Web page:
Federal court dismisses lawsuit against rival of Turkish President
Federal court dismisses lawsuit against rival of Turkish President

The U.S. District Court for the Middle District of Pennsylvania [official website] on Thursday dismissed a lawsuit [order, PDF] against Muhammed Fethullah Gulen, a prominent Muslim cleric and rival of Turkish President Recep Tayyip Erdogan [official websites], saying the court lacked jurisdiction over the matter. The complaint [text, PDF] was filed by Bunyamin Ates, Turgut Yildirim and Murat Ozturk setting forth six counts ranging from persecution of members of the Dogan Movement, a religious group, to false imprisonment and civil conspiracy under Pennsylvania state law. Some of these counts were alleged pursuant to the Alien Tort Claims Act [text]. The plaintiffs in the case alleged that Gulen issued orders from within Pennsylvania directing his followers in Turkey to launch “a targeted campaign of persecution against a different religious group in Turkey” in retaliation for criticisms directed against Gulen. They allege that Gulen’s actions ultimately resulted in the wrongful incarceration of plaintiffs and dozens of other fellow members of their religious group in Turkey for periods ranging between 8 and 20 months. Recognizing that the alleged conduct had an impact in Turkey and the Supreme Court’s caution that US courts should “take into consideration the extent to which the Court would be involving itself in foreign policy or passing judgment on foreign decision-making,” the court dismissed counts one through four. The court added that “even assuming that Plaintiffs pled relevant conduct which ‘touches and concerns’ the territory of the United States, the foreign policy consequences of this action weigh against this Court recognizing a cause of action.” In dismissing counts five and six, the court looked to the Act of State doctrine and stated that “Plaintiffs are requesting that this Court judge the validity, and not simply determine the occurrence, of the alleged unlawful actions taken by Turkish officials against Turkish citizens in Turkey, a request the Supreme Court would be barred pursuant to the act of state doctrine.” In dismissing this complaint, the court recognized that Gulen’s motion to dismiss for lack of subject-matter jurisdiction was properly made under Federal Rule of Civil Procedure 12(b)(1) [text], and rejected the plaintiff’s request for leave to amend.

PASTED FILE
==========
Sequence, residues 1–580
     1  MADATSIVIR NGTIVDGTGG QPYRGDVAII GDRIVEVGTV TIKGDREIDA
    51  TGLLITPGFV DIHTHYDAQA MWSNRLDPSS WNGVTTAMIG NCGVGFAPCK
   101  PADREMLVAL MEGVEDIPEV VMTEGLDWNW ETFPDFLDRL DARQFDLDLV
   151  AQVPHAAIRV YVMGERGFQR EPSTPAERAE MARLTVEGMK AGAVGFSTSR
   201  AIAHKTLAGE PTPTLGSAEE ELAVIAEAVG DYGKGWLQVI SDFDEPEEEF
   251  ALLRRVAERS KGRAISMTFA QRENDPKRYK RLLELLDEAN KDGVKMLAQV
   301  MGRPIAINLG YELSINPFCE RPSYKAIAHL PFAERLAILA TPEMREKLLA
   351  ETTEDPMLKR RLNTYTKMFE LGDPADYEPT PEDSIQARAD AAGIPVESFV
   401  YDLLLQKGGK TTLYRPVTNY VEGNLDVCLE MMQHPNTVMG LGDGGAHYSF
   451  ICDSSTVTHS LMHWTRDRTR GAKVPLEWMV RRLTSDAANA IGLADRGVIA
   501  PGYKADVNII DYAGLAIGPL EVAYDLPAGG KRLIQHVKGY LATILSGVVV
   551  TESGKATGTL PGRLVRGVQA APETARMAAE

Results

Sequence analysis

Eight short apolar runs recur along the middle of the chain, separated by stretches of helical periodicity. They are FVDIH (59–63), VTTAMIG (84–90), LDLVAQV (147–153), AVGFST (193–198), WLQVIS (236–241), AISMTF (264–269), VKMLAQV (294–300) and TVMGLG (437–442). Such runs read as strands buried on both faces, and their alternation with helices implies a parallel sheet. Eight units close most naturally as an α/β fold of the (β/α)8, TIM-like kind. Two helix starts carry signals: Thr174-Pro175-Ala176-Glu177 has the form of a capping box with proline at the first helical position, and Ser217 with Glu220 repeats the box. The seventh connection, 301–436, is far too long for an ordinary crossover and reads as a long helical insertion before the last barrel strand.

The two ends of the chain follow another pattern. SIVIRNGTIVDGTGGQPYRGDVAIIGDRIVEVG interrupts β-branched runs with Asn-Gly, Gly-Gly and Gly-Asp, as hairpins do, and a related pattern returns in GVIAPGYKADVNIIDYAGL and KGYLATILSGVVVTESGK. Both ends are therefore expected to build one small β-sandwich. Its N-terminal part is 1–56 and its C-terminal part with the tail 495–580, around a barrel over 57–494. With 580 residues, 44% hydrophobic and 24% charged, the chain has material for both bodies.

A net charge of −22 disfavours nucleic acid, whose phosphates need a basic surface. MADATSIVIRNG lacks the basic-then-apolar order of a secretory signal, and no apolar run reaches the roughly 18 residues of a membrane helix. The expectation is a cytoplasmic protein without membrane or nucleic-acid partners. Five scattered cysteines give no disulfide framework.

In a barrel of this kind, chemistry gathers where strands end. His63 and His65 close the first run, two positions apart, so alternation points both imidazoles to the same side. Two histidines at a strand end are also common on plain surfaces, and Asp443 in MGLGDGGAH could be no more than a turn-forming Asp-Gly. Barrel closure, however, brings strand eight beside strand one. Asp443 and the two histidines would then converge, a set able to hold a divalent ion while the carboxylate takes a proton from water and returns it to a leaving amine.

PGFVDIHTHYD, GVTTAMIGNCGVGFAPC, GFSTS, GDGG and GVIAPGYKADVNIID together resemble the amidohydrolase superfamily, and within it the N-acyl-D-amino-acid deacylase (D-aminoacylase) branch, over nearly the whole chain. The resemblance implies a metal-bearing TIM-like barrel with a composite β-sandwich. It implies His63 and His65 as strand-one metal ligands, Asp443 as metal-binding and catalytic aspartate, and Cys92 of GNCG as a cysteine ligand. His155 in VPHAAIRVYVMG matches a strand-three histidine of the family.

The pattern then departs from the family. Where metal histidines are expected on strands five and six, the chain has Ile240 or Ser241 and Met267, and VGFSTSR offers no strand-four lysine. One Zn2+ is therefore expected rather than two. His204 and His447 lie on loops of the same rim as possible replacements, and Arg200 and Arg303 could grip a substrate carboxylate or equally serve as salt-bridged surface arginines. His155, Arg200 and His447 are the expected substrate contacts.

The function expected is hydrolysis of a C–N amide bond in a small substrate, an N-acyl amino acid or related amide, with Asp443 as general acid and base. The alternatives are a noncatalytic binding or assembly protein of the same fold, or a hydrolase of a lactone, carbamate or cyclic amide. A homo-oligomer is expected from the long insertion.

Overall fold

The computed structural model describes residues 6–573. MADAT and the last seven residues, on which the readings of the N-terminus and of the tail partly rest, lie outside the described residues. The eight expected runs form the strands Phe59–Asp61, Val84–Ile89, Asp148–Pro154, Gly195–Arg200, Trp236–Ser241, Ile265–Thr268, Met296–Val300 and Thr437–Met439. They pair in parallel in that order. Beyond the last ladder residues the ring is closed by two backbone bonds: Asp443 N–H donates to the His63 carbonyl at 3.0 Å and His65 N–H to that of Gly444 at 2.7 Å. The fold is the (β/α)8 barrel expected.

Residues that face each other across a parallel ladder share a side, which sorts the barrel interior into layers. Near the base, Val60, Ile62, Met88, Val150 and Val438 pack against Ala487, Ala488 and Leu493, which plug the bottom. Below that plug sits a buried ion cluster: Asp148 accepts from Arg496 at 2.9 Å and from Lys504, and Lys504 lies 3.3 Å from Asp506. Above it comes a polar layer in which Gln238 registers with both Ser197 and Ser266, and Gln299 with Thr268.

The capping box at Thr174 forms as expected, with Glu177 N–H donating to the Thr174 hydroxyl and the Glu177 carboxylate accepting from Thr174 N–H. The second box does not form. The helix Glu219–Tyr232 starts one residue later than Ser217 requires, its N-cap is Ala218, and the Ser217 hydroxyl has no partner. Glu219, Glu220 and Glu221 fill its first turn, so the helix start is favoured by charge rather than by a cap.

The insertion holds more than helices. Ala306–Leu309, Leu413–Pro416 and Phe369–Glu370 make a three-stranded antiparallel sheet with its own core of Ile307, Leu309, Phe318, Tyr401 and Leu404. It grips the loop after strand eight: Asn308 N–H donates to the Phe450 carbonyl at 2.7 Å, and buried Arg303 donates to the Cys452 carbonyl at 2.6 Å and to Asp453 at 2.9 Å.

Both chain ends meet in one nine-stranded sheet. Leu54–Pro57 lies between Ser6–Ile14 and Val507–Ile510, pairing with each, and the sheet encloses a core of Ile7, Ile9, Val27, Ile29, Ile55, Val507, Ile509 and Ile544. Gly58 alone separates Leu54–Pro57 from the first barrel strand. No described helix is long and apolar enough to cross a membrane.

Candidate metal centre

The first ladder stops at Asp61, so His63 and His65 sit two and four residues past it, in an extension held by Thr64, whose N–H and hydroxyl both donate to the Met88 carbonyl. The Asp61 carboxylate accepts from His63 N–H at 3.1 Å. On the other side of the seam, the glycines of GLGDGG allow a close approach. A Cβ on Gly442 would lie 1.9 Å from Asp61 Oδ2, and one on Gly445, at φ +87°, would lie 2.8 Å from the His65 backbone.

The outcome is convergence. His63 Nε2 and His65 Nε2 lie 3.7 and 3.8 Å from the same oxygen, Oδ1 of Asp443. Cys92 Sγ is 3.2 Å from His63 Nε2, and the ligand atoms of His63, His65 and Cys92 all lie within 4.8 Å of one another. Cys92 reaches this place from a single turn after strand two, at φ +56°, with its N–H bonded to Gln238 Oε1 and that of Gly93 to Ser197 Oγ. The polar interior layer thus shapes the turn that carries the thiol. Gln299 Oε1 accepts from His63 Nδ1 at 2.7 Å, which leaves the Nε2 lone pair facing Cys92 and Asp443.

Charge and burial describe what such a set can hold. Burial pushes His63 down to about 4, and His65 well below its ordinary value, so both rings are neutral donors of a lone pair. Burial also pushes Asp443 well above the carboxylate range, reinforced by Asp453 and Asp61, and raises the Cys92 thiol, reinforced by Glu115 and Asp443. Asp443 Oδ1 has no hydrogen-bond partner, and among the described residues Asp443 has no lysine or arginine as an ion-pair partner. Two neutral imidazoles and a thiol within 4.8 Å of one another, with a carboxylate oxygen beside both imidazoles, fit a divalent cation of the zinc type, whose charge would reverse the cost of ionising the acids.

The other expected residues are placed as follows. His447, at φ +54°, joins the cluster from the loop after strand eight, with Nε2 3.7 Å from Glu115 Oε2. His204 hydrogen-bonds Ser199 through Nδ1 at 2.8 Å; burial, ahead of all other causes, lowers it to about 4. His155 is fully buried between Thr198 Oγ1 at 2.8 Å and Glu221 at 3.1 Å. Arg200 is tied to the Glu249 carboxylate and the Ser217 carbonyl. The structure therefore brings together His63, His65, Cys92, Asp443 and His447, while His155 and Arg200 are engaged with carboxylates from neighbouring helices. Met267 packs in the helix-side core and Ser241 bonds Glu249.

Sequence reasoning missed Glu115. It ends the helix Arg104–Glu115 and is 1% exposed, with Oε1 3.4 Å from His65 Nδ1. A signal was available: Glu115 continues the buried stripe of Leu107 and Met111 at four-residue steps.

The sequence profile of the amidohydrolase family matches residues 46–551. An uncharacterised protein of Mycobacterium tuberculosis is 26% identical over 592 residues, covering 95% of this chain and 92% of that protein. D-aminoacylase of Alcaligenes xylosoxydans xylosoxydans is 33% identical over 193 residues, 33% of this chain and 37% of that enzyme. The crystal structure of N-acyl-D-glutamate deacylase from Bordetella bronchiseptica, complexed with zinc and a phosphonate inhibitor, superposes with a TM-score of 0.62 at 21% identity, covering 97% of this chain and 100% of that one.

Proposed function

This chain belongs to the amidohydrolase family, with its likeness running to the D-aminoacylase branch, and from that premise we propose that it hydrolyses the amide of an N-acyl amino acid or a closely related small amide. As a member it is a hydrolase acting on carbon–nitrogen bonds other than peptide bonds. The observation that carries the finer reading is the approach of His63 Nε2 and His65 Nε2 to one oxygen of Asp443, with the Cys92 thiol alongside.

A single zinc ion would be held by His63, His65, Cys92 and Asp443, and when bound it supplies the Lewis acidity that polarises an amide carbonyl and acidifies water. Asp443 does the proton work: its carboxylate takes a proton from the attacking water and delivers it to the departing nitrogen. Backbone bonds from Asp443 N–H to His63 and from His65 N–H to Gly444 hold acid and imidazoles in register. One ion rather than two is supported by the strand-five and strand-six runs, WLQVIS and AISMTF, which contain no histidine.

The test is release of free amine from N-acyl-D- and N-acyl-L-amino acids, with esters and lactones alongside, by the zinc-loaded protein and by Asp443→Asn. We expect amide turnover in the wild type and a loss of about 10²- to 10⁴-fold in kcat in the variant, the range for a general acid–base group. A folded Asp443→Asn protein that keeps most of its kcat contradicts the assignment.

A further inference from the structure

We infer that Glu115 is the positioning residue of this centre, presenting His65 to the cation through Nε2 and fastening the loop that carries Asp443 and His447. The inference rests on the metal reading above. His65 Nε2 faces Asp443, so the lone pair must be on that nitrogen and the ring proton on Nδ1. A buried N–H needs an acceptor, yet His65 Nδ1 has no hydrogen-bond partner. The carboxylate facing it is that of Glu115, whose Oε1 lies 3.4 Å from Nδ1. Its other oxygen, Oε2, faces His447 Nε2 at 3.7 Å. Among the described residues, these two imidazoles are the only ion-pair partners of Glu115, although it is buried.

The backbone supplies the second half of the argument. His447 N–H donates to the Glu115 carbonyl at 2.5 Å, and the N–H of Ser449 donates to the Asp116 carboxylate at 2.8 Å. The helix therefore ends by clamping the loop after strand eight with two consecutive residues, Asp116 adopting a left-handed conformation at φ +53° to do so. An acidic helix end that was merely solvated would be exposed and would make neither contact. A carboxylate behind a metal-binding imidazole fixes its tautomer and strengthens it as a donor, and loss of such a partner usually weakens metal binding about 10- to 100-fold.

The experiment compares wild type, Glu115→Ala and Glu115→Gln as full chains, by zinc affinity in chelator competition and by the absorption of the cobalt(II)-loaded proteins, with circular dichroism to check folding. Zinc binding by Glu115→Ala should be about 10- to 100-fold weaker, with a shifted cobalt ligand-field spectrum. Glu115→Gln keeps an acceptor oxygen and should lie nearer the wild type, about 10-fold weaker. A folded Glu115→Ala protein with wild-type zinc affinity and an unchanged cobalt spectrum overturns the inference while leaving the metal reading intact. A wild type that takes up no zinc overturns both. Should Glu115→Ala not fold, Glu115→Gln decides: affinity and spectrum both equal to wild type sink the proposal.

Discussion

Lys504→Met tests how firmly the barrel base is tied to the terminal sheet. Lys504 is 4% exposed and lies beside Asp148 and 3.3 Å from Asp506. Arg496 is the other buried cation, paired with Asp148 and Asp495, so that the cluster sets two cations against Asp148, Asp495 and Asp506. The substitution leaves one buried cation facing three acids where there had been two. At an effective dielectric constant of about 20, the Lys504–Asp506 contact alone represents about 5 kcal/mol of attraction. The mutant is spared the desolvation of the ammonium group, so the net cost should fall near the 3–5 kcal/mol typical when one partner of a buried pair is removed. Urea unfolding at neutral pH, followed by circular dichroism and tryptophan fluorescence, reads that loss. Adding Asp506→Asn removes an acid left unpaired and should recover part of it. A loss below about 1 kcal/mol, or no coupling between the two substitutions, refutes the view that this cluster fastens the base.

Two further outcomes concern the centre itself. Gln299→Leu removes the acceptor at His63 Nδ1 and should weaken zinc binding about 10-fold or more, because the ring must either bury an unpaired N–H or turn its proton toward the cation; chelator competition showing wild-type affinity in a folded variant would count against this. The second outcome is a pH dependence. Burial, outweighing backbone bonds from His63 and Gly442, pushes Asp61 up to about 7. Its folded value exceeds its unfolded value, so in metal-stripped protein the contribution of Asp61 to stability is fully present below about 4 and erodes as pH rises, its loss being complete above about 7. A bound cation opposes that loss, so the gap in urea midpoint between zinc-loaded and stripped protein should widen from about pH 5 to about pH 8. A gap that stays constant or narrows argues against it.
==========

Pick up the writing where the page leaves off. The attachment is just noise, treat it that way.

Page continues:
Gulen is a Muslim cleric of Turkish origin who promotes an Anatolian version of Islam. Gulen has been a lawful permanent resident in the United States since 1998, but he remains active in Turkey through his followers and weekly online Turkish broadcasts. Erdogan accuses [Reuters report] Gulen of attempting to overthrow him, and Gulen still faces charges in Turkey in this regard and for plotting against a rival religious group by fabricating evidence and charges. Gulen’s name had previously surfaced [JURIST report] in August 2010 when Eskisehir Police Chief Hanefi Avci alleged in a book he had recently published that the evidence was distorted and fabricated [Sabah report, in Turkish] by Gulen’s followers, in effort to weaken the ruling Justice and Development Party (AKP) [party website, in Turkish]. The government of Turkey has thus far seized newspapers, banks and other companies affiliated with Gulen’s movement.